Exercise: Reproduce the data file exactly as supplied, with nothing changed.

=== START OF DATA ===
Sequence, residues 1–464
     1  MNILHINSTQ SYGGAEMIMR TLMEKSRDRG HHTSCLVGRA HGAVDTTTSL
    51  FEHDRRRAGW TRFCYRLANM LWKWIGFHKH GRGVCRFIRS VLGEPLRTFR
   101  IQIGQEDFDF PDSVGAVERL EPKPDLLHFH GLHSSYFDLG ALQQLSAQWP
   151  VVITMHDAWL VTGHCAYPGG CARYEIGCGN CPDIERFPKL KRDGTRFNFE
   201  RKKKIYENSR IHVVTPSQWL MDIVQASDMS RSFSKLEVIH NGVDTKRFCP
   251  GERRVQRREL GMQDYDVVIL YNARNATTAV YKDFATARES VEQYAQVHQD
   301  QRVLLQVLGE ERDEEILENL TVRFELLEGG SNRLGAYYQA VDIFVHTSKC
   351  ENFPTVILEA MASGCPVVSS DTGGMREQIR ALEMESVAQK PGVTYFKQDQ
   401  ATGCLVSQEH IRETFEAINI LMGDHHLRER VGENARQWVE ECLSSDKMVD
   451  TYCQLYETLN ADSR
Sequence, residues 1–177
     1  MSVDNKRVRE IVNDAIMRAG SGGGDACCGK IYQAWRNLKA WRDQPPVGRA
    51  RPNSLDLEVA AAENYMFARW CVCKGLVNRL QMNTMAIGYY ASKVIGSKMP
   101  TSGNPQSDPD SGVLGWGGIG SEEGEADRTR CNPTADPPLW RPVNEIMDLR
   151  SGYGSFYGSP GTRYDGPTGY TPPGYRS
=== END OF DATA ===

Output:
Sequence, residues 1–464
     1  MNILHINSTQ SYGGAEMIMR TLMEKSRDRG HHTSCLVGRA HGAVDTTTSL
    51  FEHDRRRAGW TRFCYRLANM LWKWIGFHKH GRGVCRFIRS VLGEPLRTFR
   101  IQIGQEDFDF PDSVGAVERL EPKPDLLHFH GLHSSYFDLG ALQQLSAQWP
   151  VVITMHDAWL VTGHCAYPGG CARYEIGCGN CPDIERFPKL KRDGTRFNFE
   201  RKKKIYENSR IHVVTPSQWL MDIVQASDMS RSFSKLEVIH NGVDTKRFCP
   251  GERRVQRREL GMQDYDVVIL YNARNATTAV YKDFATARES VEQYAQVHQD
   301  QRVLLQVLGE ERDEEILENL TVRFELLEGG SNRLGAYYQA VDIFVHTSKC
   351  ENFPTVILEA MASGCPVVSS DTGGMREQIR ALEMESVAQK PGVTYFKQDQ
   401  ATGCLVSQEH IRETFEAINI LMGDHHLRER VGENARQWVE ECLSSDKMVD
   451  TYCQLYETLN ADSR
Sequence, residues 1–177
     1  MSVDNKRVRE IVNDAIMRAG SGGGDACCGK IYQAWRNLKA WRDQPPVGRA
    51  RPNSLDLEVA AAENYMFARW CVCKGLVNRL QMNTMAIGYY ASKVIGSKMP
   101  TSGNPQSDPD SGVLGWGGIG SEEGEADRTR CNPTADPPLW RPVNEIMDLR
   151  SGYGSFYGSP GTRYDGPTGY TPPGYRS